Johnson Wax Headquarters (1936-1939), the world headquarters and administration building of the SC Johnson Wax Company in Racine, Wisconsin was designed by American architect, Frank Lloyd Wright, for the company's president, Herbert F. "Hib" Johnson. An example of streamlined design, the Johnson Wax Administration Building, as it is also known, has over 200 types of curved red bricks making up the exterior and interior of the building, and Pyrex glass tubing from the ceiling and clerestories to let in soft light. The colors that Frank Lloyd Wright chose for the Johnson Wax building are cream (for the columns and mortar) and "Cherokee Red" for the floors, bricks, and furniture. The furniture, also designed by the architect, and manufactured by Steelcase, Inc., echoes the curving lines of the building.
14-story tall Johnson Wax Research Tower (1944-1951)
One approaches the building by walking underneath the 14-story tall Johnson Wax Research Tower (1944-1951) and through a low parking lot, which is supported by steel-reinforced "dendriform" (tree-shaped) concrete columns. The parking lot ceiling creates a compression of space, and the dendriform columns are echoed inside the building, where they rise over two stories tall, supporting the structure's roof. This rise in height when one enters the administration building creates a release of spatial compression. Compression and release of space were concepts that Wright used in many of his designs, including the playroom in his Oak Park Home and Studio, the Unity Temple in Oak Park, Illinois, the Solomon R. Guggenheim Museum in New York City, and many others. The largest expanse of space in the Johnson Wax building is the Great Workroom, as Wright called it. This open area has no internal walls and was intended for secretaries of the Johnson Wax company, while a mezzanine holds the administrators.
Photo from Wikipedia
Interior, "Great Workroom", of the Johnson Wax Headquarters building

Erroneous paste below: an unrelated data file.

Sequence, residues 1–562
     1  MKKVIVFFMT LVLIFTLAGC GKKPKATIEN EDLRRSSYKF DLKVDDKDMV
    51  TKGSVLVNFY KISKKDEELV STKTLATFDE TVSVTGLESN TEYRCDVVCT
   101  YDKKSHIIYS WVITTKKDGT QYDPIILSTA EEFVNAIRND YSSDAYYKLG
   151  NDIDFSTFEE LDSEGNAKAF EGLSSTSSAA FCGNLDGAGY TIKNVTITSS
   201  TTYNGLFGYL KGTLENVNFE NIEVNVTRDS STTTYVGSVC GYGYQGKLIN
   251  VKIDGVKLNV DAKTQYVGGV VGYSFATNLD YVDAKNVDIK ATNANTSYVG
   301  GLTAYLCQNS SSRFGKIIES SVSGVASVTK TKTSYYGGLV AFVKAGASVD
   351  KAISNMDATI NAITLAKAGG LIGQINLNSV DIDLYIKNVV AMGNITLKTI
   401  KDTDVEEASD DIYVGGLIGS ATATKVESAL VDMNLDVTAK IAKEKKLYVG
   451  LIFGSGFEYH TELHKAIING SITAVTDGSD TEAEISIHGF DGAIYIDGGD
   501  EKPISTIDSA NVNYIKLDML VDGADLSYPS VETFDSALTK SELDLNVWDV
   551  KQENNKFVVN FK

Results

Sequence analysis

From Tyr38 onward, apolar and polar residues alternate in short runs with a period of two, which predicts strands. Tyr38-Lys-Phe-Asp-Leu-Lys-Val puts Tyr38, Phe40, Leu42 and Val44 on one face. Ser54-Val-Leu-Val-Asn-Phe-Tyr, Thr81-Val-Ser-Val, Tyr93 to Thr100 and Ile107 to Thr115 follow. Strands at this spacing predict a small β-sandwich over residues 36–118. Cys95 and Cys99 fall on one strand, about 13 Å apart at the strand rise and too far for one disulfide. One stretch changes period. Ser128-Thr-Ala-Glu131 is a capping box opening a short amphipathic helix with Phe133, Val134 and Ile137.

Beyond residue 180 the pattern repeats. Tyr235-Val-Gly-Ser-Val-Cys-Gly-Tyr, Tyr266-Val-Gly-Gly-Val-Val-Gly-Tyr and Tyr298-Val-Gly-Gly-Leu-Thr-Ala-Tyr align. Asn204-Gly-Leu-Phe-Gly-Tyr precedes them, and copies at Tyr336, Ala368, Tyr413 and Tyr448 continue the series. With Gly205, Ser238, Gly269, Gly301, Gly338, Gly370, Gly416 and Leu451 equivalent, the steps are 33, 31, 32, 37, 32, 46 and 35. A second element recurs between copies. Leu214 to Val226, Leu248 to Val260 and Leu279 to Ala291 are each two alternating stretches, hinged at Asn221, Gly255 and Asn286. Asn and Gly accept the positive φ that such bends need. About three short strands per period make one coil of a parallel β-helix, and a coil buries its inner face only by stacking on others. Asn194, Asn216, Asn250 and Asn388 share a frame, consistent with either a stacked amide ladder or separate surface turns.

desk designed by Frank Lloyd Wright for the "Great Workroom"
The construction of the Johnson Wax building did create controversies for the architect. In the Great Workroom, the dendriform columns are 9 inches (23 cm) in diameter at the bottom and 18 feet (550 cm) in diameter at the top, on a wide, round platform that Wright termed, the "lily pad." This difference in diameter between the bottom and top of the column was not according to building codes at the time. Building inspectors required that a test column be built and loaded with twelve tons of material. The test column, once it was built, was loaded with sixty tons of materials before the "calyx", or part of the column that meets the lily pad, cracked (crashing the 60 tons of materials to the ground, and bursting a water main 30 feet underground). Wright was given his building permit after this demonstration.
Additionally, it was very difficult to properly seal the glass tubing of the clerestories and roof, thus causing leaks. This problem was not solved until rubber gaskets were placed between the tubes, and corrugated plastic was used in the roof to seal it, while mimicking the glass tubes. And finally, Wright's chair design for Johnson Wax originally only had three legs, supposedly to encourage better posture (because one would have to keep both feet on the ground at all times to sit in it). However, the chair design proved too unstable, tipping very easily. Herbert Johnson, needing a new chair design, purportedly asked Wright to sit in one of the three-legged chairs and, after Wright fell from the chair, the architect designed new chairs for Johnson Wax with four legs; these chairs, and the other office furniture designed by Wright, are still used.
Despite these problems, Johnson was pleased with the building design, and later
commissioned the Research Tower, and a house from Wright known as Wingspread.
The Research Tower is no longer in use because of the change in fire safety
codes. The Johnson Wax buildings are on the National Register of Historic
Places, and the Administration Building and the Research Tower were each chosen
by the American Institute of Architects as two of seventeen buildings by the
architect to be retained as examples of his contribution to American culture. In
addition, the Administration Building and Research Tower were both designated
National Historic Landmarks in 1976.
Text from Wikipedia
Rondelle Theater was first used as
the Johnson wax exhibit at the 1964 New York World's Fair
(after the fair the steel frame was brought to Racine where the
Frank Lloyd Associates integrated the theater with the administrative complex)
Wingspread, the Herbert Fisk Johnson, Jr. residence
More Photos of Wingspread
People and Places